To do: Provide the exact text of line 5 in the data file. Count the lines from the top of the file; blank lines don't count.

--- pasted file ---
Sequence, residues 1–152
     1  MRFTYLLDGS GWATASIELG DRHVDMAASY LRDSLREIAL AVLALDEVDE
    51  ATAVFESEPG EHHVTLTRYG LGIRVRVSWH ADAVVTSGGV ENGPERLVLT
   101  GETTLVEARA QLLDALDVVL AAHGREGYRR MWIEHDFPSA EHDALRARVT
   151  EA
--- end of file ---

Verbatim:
   151  EA